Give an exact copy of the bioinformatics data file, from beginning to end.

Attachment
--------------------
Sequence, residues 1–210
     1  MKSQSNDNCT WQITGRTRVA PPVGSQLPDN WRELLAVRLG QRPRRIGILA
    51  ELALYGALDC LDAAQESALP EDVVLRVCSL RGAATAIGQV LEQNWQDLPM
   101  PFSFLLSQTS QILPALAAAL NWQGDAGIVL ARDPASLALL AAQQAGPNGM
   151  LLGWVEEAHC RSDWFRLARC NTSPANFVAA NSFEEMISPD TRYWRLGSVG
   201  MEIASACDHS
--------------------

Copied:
Sequence, residues 1–210
     1  MKSQSNDNCT WQITGRTRVA PPVGSQLPDN WRELLAVRLG QRPRRIGILA
    51  ELALYGALDC LDAAQESALP EDVVLRVCSL RGAATAIGQV LEQNWQDLPM
   101  PFSFLLSQTS QILPALAAAL NWQGDAGIVL ARDPASLALL AAQQAGPNGM
   151  LLGWVEEAHC RSDWFRLARC NTSPANFVAA NSFEEMISPD TRYWRLGSVG
   201  MEIASACDHS